She was 19 when we met. I had just turned 28. Back in those days, I played a lot of Scrabble and listened to NPR every morning on the way to the work. Obama had won the election, and I was listening closely because I had a personal stake in healthcare reform—namely my insurance options.
This was it, I thought, one Monday morning. I had arrived to some vague plateau of achievement, and I had this to look forward to for the next couple of years. The feel of sliding into pressed khakis after my morning shower, the reliable sound of the NPR jingle at 7:45 on the dot in traffic, the smell of coffee as I walked into the office and greeted Pam and Brian. This was my time, I thought. Maybe not so much my time to bask or gloat over anything—I had never been a very smug person anyway—but it was an opportunity to enjoy comfort in my life. Yes. Comfort, I thought. That was when I almost ran her over.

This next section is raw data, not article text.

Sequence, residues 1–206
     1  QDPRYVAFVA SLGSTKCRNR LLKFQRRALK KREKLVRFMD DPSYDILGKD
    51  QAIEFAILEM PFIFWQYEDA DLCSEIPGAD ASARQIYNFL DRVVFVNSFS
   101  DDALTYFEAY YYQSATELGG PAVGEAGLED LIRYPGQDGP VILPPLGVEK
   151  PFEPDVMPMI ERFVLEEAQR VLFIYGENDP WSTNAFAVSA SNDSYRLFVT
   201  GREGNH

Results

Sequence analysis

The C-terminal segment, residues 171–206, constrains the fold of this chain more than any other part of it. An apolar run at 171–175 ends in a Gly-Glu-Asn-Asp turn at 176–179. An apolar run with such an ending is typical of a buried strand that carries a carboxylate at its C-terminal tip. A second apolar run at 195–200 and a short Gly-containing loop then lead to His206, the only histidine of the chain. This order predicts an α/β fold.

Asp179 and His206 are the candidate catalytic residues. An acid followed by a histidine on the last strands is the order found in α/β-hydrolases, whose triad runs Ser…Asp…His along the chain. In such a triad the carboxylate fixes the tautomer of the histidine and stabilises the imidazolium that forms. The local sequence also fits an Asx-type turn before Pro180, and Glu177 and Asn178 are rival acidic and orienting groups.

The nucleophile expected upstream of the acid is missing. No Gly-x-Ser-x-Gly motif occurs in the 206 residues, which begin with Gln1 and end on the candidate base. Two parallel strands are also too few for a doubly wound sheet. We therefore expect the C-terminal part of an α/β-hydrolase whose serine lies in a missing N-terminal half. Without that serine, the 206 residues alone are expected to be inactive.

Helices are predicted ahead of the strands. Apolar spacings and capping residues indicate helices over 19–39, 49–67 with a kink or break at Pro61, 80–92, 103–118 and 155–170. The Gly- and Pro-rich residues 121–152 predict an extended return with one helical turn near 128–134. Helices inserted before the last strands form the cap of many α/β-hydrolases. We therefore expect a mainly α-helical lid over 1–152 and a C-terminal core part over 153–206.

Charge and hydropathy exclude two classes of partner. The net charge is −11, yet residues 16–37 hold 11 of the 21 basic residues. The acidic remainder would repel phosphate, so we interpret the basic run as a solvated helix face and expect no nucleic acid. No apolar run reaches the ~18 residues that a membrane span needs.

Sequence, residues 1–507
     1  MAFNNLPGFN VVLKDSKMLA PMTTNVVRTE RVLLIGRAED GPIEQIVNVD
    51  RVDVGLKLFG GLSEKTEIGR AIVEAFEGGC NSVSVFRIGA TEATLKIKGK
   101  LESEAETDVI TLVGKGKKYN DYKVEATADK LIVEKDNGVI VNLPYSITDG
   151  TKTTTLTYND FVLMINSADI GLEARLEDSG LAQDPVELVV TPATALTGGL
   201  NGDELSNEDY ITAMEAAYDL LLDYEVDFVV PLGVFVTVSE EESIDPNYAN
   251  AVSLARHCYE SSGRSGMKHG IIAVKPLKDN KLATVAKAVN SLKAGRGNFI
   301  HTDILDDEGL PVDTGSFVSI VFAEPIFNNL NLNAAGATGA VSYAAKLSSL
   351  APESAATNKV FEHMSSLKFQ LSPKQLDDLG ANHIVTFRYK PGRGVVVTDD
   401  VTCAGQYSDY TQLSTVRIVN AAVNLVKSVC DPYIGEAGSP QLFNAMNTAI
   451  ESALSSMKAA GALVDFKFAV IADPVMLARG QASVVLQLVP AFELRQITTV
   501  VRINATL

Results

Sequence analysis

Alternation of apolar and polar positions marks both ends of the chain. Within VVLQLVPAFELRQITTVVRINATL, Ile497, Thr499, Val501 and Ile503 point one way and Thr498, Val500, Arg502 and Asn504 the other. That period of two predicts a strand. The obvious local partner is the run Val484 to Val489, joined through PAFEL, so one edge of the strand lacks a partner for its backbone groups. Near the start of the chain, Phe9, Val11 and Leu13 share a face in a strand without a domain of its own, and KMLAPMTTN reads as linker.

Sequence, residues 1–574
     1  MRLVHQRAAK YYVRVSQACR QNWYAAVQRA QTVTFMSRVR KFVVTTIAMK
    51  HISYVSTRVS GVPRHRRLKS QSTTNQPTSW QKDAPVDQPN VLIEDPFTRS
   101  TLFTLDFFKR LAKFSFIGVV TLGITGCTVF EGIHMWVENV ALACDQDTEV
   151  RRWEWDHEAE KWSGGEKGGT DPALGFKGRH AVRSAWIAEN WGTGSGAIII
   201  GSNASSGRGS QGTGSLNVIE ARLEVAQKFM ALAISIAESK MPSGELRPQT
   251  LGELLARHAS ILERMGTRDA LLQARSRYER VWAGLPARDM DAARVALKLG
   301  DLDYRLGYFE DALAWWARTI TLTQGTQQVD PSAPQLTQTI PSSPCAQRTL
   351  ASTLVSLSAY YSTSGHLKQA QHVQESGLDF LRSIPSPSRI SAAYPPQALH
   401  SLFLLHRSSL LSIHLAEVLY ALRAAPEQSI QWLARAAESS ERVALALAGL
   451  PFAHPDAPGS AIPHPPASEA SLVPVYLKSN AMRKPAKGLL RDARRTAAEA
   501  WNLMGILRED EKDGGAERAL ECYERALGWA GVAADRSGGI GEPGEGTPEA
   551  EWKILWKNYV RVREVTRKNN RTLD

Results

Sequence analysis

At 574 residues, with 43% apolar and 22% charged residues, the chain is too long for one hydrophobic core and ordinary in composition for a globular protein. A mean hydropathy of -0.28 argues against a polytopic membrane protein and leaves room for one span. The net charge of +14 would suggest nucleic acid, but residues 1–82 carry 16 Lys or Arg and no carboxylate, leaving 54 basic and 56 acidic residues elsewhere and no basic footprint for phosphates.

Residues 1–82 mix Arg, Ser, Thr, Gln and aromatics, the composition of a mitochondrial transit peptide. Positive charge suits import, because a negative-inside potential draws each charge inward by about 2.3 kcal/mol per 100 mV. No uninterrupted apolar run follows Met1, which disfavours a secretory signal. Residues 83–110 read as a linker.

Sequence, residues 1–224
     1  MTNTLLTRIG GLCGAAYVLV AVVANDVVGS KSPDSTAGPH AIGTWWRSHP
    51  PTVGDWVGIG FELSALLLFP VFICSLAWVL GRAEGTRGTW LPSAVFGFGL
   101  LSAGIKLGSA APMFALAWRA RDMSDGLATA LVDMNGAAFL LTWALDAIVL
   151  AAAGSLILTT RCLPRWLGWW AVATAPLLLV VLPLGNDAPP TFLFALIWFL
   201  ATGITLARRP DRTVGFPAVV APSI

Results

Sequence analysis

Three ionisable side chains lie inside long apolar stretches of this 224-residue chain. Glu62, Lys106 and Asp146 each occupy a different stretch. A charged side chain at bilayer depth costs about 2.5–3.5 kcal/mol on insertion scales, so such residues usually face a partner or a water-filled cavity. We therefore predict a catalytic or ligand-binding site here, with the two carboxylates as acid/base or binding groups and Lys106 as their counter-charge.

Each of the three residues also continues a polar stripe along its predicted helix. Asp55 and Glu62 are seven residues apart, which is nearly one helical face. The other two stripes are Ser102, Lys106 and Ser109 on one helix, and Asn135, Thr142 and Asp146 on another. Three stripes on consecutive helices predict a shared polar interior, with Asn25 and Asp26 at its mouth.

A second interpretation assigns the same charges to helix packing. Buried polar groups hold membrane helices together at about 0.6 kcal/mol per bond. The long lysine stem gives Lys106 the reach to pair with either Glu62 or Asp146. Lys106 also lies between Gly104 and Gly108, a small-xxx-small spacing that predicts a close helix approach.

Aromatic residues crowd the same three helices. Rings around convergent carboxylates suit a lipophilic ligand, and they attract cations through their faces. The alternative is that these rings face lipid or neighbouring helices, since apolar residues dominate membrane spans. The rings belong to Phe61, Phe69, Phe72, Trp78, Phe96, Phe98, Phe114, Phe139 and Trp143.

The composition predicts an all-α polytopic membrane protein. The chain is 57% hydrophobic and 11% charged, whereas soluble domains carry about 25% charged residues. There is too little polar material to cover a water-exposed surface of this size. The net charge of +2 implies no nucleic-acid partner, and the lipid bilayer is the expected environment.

The initial shock came and went as normally as it should have in an almost-accident type of situation. What lingered was my sense of infuriation—three cars stopped dead in the middle of the street to avoid hitting her, and she stood there looking more confused than apologetic. You ran out into the road during rush hour without looking for cars, idiot girl. What did you think would happen?
Her books had dropped out of her arm, and after finally realizing her situation, she quickly scooped them up and rushed off of the street. One book remained on the asphalt, however—Dancing in Odessa, by Ilya Kaminsky. It was slightly worn, but I recognized it right away. My friend Patrick had given it to me on my 22nd birthday, right before he left for army boot camp. Ignoring the honks and revving engine sounds, I stepped out of my car to retrieve it. Her name was on the cover: Rose Madox.